After our panel concluded on Saturday, I went to the book exhibition, visited the poster session (which I did not easily find), and finished the day by attending James McPherson's Society of Military History lecture, "The Rewards of Risk Taking: Two Civil War Admirals." Like many historians I could easily recognize McPherson. In addition to having read several of his books, I have seen him numerous times on television. His lecture focused on the subject of his most recent book, a naval history of the Civil War, which I admit I have not read. Not sure if I ever will, but that is a statement on my limited reading time, not on the value of McPherson's work. Craig Symonds's Civil War at Sea, which I have read, covered the subject masterfully. Symonds's was present in the audience and McPherson acknowledged him and his expertise. McPherson's lecture compared Union Admirals Samuel DuPont and David Farragut to Generals George McClellan and Ulysses Grant. In this analogy DuPont and McClellan are the dilatory commanders who sought to mitigate risks, while Farragut and Grant were more gutsy commanders willing to take a gamble and double down in the next move. The main point being that in engagements that involved thousands of men on both sides, the outcome often depended on the personality and command traits of the leaders. I enjoyed the lecture, but I have some qualms with an approach that puts all the agency in the hands of the Union commanders. In my humble opinion chance and luck are underrated factors in historical events, especially in military history.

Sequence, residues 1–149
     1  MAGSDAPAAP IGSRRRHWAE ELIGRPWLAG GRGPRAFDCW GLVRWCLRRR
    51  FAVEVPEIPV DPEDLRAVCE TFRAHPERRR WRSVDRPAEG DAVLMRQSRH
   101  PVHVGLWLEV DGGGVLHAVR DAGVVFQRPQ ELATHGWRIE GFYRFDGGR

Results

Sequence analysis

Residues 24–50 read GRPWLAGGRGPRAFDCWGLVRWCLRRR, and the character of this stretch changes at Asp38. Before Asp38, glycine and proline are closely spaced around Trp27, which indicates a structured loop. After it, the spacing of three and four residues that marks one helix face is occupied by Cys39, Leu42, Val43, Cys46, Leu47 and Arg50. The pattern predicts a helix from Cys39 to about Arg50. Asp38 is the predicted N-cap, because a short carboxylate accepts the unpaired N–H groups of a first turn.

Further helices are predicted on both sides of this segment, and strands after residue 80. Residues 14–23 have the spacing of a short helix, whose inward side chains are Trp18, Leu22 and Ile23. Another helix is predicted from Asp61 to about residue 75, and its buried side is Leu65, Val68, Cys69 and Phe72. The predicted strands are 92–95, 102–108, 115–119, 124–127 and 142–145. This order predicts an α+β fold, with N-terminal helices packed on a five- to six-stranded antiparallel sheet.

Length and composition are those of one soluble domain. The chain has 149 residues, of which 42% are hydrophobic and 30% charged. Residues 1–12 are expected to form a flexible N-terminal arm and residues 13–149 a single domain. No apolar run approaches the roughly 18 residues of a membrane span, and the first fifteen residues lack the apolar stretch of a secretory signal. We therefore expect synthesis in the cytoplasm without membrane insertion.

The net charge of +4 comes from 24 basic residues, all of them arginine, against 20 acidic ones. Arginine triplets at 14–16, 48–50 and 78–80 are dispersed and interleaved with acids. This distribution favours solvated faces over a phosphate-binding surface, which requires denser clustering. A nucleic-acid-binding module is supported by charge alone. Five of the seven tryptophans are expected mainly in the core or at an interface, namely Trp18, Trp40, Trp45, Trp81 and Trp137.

I then waited an hour for a shuttle back to the Hilton that never came. I missed the last one of the evening by a couple of minutes, but did not see the sign until later. It was a cold, dark walk across the bridge, but only a 20 minute walk.